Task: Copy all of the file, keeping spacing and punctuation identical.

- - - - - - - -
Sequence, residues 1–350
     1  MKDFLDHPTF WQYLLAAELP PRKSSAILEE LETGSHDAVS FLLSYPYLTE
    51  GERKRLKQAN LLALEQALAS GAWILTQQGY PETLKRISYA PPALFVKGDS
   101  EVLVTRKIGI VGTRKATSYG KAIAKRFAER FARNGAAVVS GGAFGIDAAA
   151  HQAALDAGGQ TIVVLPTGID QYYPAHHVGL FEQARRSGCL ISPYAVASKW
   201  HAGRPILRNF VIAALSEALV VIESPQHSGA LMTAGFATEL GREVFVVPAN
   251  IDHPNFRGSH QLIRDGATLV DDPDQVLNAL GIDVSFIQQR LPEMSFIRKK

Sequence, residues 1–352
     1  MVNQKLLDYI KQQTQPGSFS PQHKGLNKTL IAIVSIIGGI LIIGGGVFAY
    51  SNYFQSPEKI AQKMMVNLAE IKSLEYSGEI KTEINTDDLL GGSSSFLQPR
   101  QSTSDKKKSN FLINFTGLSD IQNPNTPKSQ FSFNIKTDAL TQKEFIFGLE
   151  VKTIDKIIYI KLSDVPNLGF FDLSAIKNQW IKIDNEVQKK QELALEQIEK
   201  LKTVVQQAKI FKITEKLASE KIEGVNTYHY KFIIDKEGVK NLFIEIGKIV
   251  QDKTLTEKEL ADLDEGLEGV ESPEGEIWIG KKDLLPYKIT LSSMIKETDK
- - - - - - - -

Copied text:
Sequence, residues 1–350
     1  MKDFLDHPTF WQYLLAAELP PRKSSAILEE LETGSHDAVS FLLSYPYLTE
    51  GERKRLKQAN LLALEQALAS GAWILTQQGY PETLKRISYA PPALFVKGDS
   101  EVLVTRKIGI VGTRKATSYG KAIAKRFAER FARNGAAVVS GGAFGIDAAA
   151  HQAALDAGGQ TIVVLPTGID QYYPAHHVGL FEQARRSGCL ISPYAVASKW
   201  HAGRPILRNF VIAALSEALV VIESPQHSGA LMTAGFATEL GREVFVVPAN
   251  IDHPNFRGSH QLIRDGATLV DDPDQVLNAL GIDVSFIQQR LPEMSFIRKK

Sequence, residues 1–352
     1  MVNQKLLDYI KQQTQPGSFS PQHKGLNKTL IAIVSIIGGI LIIGGGVFAY
    51  SNYFQSPEKI AQKMMVNLAE IKSLEYSGEI KTEINTDDLL GGSSSFLQPR
   101  QSTSDKKKSN FLINFTGLSD IQNPNTPKSQ FSFNIKTDAL TQKEFIFGLE
   151  VKTIDKIIYI KLSDVPNLGF FDLSAIKNQW IKIDNEVQKK QELALEQIEK
   201  LKTVVQQAKI FKITEKLASE KIEGVNTYHY KFIIDKEGVK NLFIEIGKIV
   251  QDKTLTEKEL ADLDEGLEGV ESPEGEIWIG KKDLLPYKIT LSSMIKETDK